America is a country with problems. Poverty is rampant. Women are paid less than men for equal output in nearly every industry and their health-care is constantly being threatened and maligned by anti-equality advocates. This is a country where gays and lesbians aren’t allowed to marry by Federal law. Where many 9/11′s worth of people die every year thanks to a poorly-crafted private insurance system which sells us treatments and not outcomes. Transgender people are denied basic equality, where poll-tax-equivalent voter ID laws prevent poor and minority voters from registering their opinions, where kids’ work produces value at a very early age, but people can’t vote until they’re 18 and usually don’t vote (see: Apathy Party) until they’re over 25. This is a country where people get shot in the face during a movie and some crackpots blame the movie industry, instead of the readily-available gun that the highly-unstable shooter was using. These are wrong things. Problems the American government, in conjunction with state and local authorities, could fix. Would fix, if everyone voted. Most people are not happy with this stuff. But most people don’t vote.
Who is already happy, and fine with how things are in such a problem-filled place? It’s mostly just the wealthy. If you’re not wealthy you shouldn’t be happy in America, because better is possible. But there are also worse-off people who still identify and vote with the wealthy: the middle-class and upper-lower-class people who are also (mostly) white, male, straight, self-and-only-self-concerned gun owners. This is the demographic of the wealthy, the group that traditionally pays for the campaigns, (Donald Trump, Sheldon Adelson, George Soros) Even among the less-powerful they are the only demographic that consistently turns up to vote for the power structure that keeps the wealth in the hands of a very small, very elite group.
This is also coincidentally why neither major political party will touch the issue of assault rifles. The wealthy will need an assault rifle in the hands of a private mercenary stationed in a friendly-to-big-business state, just to fight back an angry mob of all the properly-roused people who don’t have anything to defend and thus never gave a damn about assault rifles, gay discrimination, sexism, racism and a dogmatic commitment to private enterprise, even when it makes poor people suffer so that others may be extravagantly wealthy and for no other reason. The real majority in this country is the 99% of us who don’t have anything and are still getting robbed, and the government is allowing it because the government is broken and not serving the majority, despite claiming to be a shining example of democracy.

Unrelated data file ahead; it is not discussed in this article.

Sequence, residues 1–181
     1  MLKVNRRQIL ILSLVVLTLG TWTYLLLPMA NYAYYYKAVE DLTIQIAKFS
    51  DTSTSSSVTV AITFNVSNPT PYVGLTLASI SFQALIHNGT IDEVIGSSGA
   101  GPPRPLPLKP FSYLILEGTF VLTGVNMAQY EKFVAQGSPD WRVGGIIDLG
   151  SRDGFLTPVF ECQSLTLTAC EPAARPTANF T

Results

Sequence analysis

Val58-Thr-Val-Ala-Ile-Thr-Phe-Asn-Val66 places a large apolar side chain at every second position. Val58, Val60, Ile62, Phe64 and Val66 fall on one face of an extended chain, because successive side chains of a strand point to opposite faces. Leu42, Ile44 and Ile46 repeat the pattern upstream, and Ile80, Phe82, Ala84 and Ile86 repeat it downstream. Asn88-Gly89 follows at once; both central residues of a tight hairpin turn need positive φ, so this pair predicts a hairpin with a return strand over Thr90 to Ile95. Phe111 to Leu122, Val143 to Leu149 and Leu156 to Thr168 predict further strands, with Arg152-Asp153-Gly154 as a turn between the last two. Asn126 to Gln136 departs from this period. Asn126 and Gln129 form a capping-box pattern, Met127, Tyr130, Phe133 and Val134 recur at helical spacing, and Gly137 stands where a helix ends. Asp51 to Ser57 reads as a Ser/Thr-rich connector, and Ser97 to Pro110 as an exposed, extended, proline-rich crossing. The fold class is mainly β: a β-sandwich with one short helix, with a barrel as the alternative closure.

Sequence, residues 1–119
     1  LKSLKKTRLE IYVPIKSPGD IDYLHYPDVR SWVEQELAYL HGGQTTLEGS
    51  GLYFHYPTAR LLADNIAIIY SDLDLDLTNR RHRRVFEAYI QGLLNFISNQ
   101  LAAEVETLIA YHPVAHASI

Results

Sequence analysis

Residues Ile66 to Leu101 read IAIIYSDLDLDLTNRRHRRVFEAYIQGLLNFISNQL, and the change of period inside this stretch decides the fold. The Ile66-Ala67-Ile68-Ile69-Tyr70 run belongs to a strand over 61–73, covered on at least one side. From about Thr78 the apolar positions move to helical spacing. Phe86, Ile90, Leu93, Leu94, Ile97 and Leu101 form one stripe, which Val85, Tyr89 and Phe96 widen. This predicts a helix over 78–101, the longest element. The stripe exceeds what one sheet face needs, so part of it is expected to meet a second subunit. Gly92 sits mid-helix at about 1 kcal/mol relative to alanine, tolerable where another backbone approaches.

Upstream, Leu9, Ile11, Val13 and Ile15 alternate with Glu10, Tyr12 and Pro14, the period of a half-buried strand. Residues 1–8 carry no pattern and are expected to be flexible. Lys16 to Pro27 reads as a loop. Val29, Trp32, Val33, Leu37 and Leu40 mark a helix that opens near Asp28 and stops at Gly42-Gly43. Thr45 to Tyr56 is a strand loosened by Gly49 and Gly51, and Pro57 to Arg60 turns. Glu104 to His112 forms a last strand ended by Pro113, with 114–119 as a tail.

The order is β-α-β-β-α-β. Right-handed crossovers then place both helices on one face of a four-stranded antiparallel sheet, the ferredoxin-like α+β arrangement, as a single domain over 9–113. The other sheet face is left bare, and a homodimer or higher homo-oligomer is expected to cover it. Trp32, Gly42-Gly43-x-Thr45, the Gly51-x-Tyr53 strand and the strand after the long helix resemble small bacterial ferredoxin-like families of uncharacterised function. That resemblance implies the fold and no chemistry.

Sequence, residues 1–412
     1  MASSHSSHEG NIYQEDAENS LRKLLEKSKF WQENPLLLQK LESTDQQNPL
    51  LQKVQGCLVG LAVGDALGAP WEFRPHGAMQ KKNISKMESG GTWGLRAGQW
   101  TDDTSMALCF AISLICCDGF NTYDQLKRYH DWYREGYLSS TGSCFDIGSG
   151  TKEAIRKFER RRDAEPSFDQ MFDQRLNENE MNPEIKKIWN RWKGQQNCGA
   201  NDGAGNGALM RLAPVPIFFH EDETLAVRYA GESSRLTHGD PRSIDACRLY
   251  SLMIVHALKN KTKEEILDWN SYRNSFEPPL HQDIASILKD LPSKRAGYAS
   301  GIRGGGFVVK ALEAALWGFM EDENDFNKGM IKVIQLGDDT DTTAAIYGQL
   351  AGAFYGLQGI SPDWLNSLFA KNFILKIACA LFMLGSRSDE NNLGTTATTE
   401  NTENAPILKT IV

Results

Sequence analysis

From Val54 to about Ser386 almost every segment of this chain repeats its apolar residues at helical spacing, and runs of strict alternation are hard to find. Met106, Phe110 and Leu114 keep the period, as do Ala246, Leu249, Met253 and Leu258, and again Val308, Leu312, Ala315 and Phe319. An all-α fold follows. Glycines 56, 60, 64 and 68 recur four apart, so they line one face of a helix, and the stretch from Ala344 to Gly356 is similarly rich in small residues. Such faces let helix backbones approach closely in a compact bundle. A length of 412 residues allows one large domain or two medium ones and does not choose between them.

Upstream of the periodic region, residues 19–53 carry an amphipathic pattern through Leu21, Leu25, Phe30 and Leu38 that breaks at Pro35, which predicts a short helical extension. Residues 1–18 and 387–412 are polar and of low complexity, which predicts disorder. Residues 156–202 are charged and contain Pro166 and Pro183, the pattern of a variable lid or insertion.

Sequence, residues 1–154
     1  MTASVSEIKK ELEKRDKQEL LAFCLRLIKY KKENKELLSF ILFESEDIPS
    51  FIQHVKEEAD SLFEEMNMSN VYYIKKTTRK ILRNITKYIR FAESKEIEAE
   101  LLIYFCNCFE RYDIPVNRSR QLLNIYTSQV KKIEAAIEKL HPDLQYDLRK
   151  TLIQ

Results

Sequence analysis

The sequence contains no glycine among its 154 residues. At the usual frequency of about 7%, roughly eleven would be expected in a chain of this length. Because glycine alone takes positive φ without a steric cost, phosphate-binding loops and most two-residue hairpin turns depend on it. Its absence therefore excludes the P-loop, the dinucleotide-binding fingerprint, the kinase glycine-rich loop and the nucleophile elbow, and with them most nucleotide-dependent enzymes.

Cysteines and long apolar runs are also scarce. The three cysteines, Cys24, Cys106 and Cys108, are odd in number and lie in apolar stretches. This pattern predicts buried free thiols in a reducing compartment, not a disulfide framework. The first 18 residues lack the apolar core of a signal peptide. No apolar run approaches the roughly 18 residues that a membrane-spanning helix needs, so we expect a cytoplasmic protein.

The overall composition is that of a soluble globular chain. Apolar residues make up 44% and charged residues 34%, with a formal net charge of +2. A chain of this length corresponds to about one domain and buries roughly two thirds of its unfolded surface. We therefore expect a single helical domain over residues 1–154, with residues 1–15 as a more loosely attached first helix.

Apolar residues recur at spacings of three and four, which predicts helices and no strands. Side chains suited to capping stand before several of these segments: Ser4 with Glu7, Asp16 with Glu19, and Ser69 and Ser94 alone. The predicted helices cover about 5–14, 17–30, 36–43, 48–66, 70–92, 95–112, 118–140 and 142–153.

And in this place, disorganizers will argue, probably politely, particularly persistently, for ten minutes that the government is meaningless and we should just accept it, while simultaneously rambling on about the problems in this country, like there’s nothing we can do. 1% of people feel this way. Mission accomplished, propagandists from the past: they’re committed to the status quo like an abusive boyfriend, and those organizers having conversations and working to help these disorganizers are like the friend whose shoulder they’re crying on, saying “just break up with him already. I can find you a couch to sleep on.” Because we gotta get out of this funk, and back to being great. Nobody’s going to do it for us, those days are long since gone. We’re going to do it for ourselves, and so for each other, with help from people who care. Friendly, persistent people.